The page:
Kotlin Fun With The Factory Pattern

Gérald Croës
Dec 10, 2017 · 5 min read
Photo by Gerald Croes

When you read “let’s have some fun with the factory pattern”, I agree that you should doubt the writer’s enthusiasm and see for yourself. But, as I was writing some code to play with this language I’ve recently fallen in love with, I asked myself, “How should I write a factory method?”

This simple question led me to some experimentations.

Ok to have some fun, but … what’s a factory?

For those in need of a reminder, the factory is a creational pattern listed in the book commonly referred to as “the GOF”. If you haven’t heard or read about it, there’s still time to catch up. If it falls in the TL;DR category, don’t hesitate to google the world of patterns; there are plenty of resources available on the internet (and Wikipedia is a satisfactory one for a quick introduction).

The factory’s goal is to deliver a ready-to-use object to its client. The factory hides the complexity of creating and selecting the right object for the job.

As we’re all fond of UML, I’ll sketch something that vaguely looks like UML (on a Saturday night) so we’re on the same page.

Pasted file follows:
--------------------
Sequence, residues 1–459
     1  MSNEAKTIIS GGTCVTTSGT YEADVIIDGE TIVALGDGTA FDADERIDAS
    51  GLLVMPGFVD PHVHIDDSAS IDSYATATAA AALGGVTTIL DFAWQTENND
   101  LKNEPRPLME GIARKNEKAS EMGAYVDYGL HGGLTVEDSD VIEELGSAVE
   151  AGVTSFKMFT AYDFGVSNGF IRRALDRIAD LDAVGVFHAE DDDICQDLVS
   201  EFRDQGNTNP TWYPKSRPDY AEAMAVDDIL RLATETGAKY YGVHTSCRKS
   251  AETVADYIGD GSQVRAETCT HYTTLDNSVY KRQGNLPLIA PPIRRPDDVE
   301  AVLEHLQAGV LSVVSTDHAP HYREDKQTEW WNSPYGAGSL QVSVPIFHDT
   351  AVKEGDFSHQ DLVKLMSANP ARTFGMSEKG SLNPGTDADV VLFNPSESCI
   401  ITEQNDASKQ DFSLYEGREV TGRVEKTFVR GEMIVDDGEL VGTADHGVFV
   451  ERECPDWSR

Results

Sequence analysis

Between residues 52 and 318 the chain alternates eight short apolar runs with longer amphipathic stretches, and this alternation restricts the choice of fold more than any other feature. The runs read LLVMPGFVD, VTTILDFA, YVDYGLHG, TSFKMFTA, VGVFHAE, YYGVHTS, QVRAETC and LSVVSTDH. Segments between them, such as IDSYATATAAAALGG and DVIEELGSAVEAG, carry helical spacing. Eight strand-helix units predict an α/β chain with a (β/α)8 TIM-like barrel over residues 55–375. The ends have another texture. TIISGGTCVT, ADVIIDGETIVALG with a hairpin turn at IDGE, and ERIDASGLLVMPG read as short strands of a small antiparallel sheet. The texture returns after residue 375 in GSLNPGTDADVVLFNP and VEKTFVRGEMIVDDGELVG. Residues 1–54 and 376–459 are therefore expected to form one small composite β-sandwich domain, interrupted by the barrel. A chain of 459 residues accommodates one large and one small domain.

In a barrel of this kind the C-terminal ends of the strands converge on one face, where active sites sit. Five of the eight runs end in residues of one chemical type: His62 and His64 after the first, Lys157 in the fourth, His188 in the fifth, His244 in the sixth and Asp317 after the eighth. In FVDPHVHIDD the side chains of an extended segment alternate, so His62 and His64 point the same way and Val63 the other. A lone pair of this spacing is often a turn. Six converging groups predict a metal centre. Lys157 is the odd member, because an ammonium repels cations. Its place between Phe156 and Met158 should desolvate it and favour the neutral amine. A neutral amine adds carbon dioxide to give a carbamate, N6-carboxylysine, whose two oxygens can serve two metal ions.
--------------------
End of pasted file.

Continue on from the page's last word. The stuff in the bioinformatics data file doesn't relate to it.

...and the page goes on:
The Factory as it is in the GOF

Now that we all remember what a factory is (I know you knew it — but just in case), let’s write the first candid Kotlin implementation.

Say we have a product called a FileParser that we need so that we can read information from files we would otherwise be oblivious to.

And let’s say that we have two available implementations of this FileParser, one dedicated to understanding XML (XmlFileParser) and one dedicated to understanding JSON (JsonFileParser).

So we’re done with our products description.

The client (our program) will need one of the two available implementations. To make the right choice, the logic is to test the filename and test its extension. If it’s “.xml”, use XmlFileParser, if it’s “.json”, use JsonFileParser. To avoid testing this everywhere in the code, we have decided to use the factory pattern that, thanks to its createFromFileName(fileName: String) method, will give us the correct FileParser…

…which is implemented at lightning speed thanks to Kotlin.

There we are — we have a to-the-letter implementation of a factory in Kotlin.

If we wanted to use the factory, we’d have written:

You said it would be fun…

Yes, I know what I said, so let’s keep diving into the subject.

What’s a bit boring with our factory is that we need to instantiate it. It’s not a lot of lines, but still. I’d love to be able to write something like

One line shorter … yes … it’s worth it!

The syntax looks like a static call, but as there is no “static stuff” in Kotlin, we’ll use a different trick — companion object. These objects are kinds of singletons attached to the class (see companion objects in the documentation).

Now we can use the previous syntax, and it’ll work. But the caveat is that we can no longer call the createFromFileName method from an instance of our FileParserFactory, only from the class itself with a static-like call.

And if you carefully read the code, you’ll see that our class doesn’t implement FileParserFactory, our companion object does.